BUS STORY # 433 (Broken Bad)
|Wendy, played by Julia Minesci in "Breaking Bad." Downloaded from wikja.|
I’ve just taken the middle seat on the side bench in the back of the bus. There are four of us: a woman to my left, a woman sitting across from me -- Whoa. She’s nodding off, and she leans her forehead into one of the poles supporting the overhead rails, then jerks back and grimaces.
She is a frightful vision. Shoulder-length, unkempt hair that starts out gray and turns reddish-blonde halfway down. Eyeliner, lipsticked red lips. She’s wearing two coats, or rather, half-wearing the outer one, a long, Army-green coat. She’s gotten the left sleeve off, but the right one is still collapsed between her elbow and wrist. The rest of the coat is crumpled up behind her right arm.
The inner jacket is a quilted black number, open to reveal a red card hanging from a lanyard around her neck that reads “Visitor” on top and “Presbyterian” below. Her shirt, a multicolored, horizontally striped number, is either cropped or not pulled down, revealing a distended belly that makes me think “Visitor” ought to read “Patient.” Her jeans are worn, and she has a pair of high-topped men’s shoes, the left without laces.
There’s a stubbed-out cigarette clamped between two fingers of her right hand. On the seat beside her is a plastic bag of groceries. I can see a bottle of something neon blue and a pack of Marlboros.
I look away quickly when her eyes catch mine.
I’m thinking she must know she looks a sight, and I feel bad that I might have made her feel worse than she already does. I will later realize I was, if she even noticed me, the least of what was making her feel bad.
She goes back to closing her eyes and grimacing, then yawning, then leaning so far forward that her face is on her thighs. When she jerks back upright and opens her eyes wide, I feel a shock of recognition: Wendy, the hooker in “Breaking Bad!”
It’s been a long time since I’ve seen a rider on the bus I suspected might be on heroin. Of course, thinking of her as Wendy makes me shift from heroin to methamphetamine, and the next time she yawns, I check out her teeth. I get a good view of exactly two teeth standing side by side, left of center and all by themselves in that curving lower gum.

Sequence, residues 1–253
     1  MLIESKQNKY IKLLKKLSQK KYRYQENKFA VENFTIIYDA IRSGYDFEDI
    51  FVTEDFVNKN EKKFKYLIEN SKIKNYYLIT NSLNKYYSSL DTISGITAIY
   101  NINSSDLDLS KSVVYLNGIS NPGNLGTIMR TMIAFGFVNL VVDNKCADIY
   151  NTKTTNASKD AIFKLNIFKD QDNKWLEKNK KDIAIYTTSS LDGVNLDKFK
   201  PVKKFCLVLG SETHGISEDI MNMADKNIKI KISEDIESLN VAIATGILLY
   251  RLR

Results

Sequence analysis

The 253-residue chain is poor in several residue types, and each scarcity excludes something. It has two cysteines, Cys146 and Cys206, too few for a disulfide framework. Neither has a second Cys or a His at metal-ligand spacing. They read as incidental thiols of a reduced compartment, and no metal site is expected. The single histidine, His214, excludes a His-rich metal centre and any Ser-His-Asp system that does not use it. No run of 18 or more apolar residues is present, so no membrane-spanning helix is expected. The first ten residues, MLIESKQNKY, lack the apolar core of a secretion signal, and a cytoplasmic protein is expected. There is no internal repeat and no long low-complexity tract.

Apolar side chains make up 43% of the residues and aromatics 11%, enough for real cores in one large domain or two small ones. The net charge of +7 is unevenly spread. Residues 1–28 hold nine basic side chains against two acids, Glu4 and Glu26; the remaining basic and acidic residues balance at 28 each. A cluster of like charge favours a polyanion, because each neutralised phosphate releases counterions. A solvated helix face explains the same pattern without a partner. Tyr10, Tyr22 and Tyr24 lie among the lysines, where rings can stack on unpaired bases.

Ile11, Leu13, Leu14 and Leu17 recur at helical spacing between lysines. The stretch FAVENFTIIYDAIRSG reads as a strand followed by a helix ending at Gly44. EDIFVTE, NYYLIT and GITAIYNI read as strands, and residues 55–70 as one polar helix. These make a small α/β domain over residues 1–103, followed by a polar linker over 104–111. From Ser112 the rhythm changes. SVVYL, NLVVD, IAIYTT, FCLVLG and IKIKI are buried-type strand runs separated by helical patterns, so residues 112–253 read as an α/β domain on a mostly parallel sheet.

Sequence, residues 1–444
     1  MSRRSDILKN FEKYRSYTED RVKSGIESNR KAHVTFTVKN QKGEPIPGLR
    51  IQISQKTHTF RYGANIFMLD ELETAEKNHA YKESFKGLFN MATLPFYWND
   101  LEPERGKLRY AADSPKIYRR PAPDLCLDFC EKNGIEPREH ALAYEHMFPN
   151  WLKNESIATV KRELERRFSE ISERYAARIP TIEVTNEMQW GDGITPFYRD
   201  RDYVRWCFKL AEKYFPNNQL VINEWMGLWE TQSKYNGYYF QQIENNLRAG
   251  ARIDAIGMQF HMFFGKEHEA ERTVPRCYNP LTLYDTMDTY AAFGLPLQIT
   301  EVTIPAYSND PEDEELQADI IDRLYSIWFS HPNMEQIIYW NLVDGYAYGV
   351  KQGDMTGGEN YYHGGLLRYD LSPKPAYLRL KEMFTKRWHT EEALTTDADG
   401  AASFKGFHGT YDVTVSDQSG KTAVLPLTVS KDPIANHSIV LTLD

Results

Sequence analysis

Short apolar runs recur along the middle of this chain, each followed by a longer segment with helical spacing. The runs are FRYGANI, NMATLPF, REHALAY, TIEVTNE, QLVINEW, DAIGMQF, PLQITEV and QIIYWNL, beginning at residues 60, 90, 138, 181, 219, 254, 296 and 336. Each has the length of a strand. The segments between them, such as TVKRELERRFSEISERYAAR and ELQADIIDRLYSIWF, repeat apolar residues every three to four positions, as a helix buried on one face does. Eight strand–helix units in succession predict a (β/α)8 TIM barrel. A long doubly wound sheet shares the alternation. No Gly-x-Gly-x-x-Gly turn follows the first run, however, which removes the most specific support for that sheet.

She looks miserable. I remember times I got sick with some kind of fast-moving bug while I was at work or out somewhere, and how terrible I felt trying to get home so I could just lie down, and if dying was part of the equation, well, it would at least bring relief. That is what she looks like she feels like.
There is a fourth person back on the platform, a black guy sitting in the middle seat of the back row. He’s an older guy, grizzled, with a dark baseball cap with no letters or insignia, dark jacket, dark blue jeans. He’s looking straight ahead, expression in stone, not looking at her, not looking at me looking at her. I imagine him taking one look at her early on and harrumphing to himself, “white folks.” Or maybe he’s just seen too much of this already wherever he grew up.
Someone pulls the cord, and the old guy says, “This is the stop.” I wonder for a minute who he’s talking to, then see a guy half-sitting, half-standing in front of the bench seat by the back door. I’m trying to figure out how he knew this was the kid’s stop when he gets up and starts for the back door. The kid sits back down, and as the old man passes the woman, he says, “C’mon, now.”
Another shock of recognition: they are together!
He’s already off the bus when she starts to get up, too. I see him on the sidewalk outside. He’s walking down the sidewalk, but then he stops, turns, and looks for her. When she’s off the bus, he turns back around and continues walking. She follows after him.
As the bus pulls away, I see her throw her head back and stagger. The side of her face is wracked with misery. It’s really overwhelming, for the both of us.